Applying Classroom Rules and Procedures.
In the opening of Chapter seven of Robert Marzano`s The art and Science of Teaching, he states;
“When students do a good job at following rules and procedures, their willingness to be a positive influence in the class should be recognized and acknowledged. Conversely, when students do not follow classroom rules and procedures, their behavior that detracts from learning should be noted. In effect, consequences should be both positive and negative.”
Research shows that a combination of both punishment and reinforcement gives the best results for lowering disruptions.
This conclusion is echoed by Miller, Ferguson, and Simpson (1998) in their review of the research literature: “Clearly, the results of these studies should permit schools to strike . . . a ‘healthy balance’ between rewards and punishments” (p. 56).
The skill seems to be in when and how to implement consequences for behaviour, both good and bad, in order to enhance learning.This skill has been recently defined as “withitness”.
When thinking about reinforcement the idea of rewards comes to mind. This can be a problem though, as the wrong kind of reward, or using it at the wrong time for the wrong reason will be counter – productive.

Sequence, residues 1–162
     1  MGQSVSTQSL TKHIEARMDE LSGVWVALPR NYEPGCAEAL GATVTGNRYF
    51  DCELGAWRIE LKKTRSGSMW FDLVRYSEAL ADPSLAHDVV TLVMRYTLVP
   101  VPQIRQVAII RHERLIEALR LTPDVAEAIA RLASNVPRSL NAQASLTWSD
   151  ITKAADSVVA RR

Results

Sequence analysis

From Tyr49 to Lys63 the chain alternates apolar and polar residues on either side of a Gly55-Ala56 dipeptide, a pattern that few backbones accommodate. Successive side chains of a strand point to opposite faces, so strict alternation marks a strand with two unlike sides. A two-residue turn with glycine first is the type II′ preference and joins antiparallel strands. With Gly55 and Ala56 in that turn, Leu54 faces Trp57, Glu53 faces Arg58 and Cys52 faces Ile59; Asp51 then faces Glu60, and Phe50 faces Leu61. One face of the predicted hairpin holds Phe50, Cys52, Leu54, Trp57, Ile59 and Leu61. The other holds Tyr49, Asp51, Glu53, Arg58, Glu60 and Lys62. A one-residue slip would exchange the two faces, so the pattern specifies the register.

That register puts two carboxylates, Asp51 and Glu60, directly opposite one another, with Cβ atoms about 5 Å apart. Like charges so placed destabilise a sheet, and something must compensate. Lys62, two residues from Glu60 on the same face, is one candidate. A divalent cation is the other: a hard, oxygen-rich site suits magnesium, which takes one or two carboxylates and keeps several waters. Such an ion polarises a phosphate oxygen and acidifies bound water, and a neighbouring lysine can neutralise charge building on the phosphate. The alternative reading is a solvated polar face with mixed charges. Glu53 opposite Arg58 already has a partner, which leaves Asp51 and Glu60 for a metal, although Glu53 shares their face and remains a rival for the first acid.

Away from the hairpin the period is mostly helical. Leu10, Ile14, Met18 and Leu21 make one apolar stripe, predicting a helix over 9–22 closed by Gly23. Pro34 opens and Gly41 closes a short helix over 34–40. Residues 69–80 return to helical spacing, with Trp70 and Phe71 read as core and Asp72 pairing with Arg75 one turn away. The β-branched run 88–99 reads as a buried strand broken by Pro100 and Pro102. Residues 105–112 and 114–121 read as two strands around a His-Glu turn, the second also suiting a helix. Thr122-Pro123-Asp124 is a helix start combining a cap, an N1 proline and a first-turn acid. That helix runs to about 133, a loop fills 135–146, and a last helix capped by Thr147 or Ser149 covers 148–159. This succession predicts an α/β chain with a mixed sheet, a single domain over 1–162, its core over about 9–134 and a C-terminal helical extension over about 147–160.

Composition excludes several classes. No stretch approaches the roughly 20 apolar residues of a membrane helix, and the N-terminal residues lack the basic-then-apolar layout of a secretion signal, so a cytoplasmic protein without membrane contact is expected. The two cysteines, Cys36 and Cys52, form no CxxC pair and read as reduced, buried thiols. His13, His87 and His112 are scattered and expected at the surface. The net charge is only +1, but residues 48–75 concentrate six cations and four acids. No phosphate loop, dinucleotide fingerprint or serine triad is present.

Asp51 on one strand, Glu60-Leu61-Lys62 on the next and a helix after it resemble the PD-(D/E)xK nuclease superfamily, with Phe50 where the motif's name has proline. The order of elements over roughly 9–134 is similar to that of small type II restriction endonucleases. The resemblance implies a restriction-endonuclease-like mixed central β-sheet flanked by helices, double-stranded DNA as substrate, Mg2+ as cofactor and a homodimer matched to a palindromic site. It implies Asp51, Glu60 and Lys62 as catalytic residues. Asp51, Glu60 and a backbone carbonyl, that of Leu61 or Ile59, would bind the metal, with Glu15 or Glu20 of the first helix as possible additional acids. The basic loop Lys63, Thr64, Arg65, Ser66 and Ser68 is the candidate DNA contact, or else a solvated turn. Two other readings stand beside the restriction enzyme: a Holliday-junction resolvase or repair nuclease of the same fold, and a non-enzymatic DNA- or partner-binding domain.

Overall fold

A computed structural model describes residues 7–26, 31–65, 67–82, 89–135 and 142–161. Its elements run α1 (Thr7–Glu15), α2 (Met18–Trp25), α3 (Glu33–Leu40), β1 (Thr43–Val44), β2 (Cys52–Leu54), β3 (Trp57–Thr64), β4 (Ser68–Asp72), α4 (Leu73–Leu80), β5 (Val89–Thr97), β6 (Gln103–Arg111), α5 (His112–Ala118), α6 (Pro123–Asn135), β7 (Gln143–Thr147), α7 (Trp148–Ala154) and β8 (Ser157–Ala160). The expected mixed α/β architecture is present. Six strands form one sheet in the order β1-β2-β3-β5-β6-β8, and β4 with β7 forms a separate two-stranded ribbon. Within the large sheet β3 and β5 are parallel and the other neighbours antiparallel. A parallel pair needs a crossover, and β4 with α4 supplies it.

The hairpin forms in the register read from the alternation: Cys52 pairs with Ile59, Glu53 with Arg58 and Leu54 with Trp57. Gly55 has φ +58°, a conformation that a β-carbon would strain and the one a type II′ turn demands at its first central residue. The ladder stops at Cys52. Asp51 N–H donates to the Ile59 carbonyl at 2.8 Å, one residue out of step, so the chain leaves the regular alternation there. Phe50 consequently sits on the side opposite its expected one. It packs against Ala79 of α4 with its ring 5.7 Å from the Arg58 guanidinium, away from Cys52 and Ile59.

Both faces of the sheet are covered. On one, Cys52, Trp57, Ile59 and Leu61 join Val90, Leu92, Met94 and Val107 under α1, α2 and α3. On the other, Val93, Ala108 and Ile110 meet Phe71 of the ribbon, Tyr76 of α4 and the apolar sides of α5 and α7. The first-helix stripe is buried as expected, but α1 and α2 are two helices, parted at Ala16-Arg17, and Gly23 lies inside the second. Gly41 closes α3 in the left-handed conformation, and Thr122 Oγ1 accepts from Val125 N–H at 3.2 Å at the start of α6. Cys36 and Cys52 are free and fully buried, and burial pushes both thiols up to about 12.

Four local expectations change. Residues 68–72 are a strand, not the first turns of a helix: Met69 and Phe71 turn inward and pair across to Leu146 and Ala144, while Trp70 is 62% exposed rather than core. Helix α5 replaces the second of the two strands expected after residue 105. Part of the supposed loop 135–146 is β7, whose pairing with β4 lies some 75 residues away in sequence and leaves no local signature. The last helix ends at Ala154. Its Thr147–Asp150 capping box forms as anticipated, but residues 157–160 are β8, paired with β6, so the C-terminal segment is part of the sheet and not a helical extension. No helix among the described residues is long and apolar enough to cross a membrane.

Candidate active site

Good and Brophy (2003) identify the following as particularly detrimental to performance and intrinsic motivation:
– Highly attractive awards presented in ways that call attention to them.
– Rewards that are given simply for engaging in an activity as opposed to being contingent on achieving a specific goal.
– Rewards that are tied to behavior as control devices.
They also note that early studies demonstrated that if you reward people for things they are already doing by their own volition, then they will begin to decrease their intrinsic motivation (Deci & Ryan, 1985). Additionally if students’ attention becomes focused on external rewards as opposed to tasks in which they are engaged, their performance begins to diminish.
The following diagram shows the strategies that can be used to reinforce good behaviour or to correct bad behaviour.
Strategies That Acknowledge Adherence to Rules and Procedures
Action Step 1. Use Simple Verbal and Nonverbal Acknowledgment
Saying to the class as a whole or to specific students that they did good work carrying out a procedure.
Action Step 2. Use Tangible Recognition When Appropriate
An elementary teacher might establish a system of points for adherence to rules and procedures throughout the day. At the end of the week,points are added up for each student. Students who have amassed a certain number of points are recognized with some nominal reward such as a certificate for a free fruit drink from the school cafeteria. Or a teacher might establish a color code for behavior. A green card indicates exceptional attention and adherence to rules; the student is making an obvious effort to pay attention and behave. A yellow card indicates acceptable behavior, but improvement could be made. A brown card indicates unacceptable behavior.
Action Step 3. Involve the Home in Recognition of Positive Student Behavior
Phone Calls Home, E-mails, Notes Home and Certificates of Good Behavior.
Strategies That Acknowledge Lack of Adherence to Rules and Procedures
Action Step 4. Be With-It
Four general actions constitute withitness: being proactive, occupying the entire room, noticing potential problems, and using a series of graduated actions.